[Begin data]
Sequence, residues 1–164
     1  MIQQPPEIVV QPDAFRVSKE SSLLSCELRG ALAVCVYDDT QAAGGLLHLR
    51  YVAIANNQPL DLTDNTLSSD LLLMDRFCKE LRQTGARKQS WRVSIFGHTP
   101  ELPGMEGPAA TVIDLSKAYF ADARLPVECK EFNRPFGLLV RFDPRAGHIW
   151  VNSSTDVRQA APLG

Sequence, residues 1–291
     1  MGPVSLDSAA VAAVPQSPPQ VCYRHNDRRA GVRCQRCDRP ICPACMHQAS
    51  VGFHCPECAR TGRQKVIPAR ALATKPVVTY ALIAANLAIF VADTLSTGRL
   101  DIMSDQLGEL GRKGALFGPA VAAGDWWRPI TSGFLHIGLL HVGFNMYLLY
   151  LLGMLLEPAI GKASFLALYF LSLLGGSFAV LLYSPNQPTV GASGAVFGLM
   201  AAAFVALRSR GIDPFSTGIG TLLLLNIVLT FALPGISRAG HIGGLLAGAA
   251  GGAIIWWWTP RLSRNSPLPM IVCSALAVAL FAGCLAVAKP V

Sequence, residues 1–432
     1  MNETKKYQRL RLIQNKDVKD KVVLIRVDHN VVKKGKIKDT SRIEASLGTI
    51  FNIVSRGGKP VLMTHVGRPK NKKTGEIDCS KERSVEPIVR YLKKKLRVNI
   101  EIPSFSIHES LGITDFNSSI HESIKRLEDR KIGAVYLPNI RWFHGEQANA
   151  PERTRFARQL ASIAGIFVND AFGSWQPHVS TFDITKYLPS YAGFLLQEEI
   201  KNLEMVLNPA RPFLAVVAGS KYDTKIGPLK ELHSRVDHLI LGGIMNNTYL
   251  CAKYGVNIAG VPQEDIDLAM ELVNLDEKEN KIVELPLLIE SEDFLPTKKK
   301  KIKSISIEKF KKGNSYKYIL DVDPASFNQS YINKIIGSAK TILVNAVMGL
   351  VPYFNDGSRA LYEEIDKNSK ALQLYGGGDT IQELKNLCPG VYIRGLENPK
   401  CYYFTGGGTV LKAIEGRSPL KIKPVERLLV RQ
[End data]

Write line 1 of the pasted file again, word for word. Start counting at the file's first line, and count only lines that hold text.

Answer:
Sequence, residues 1–164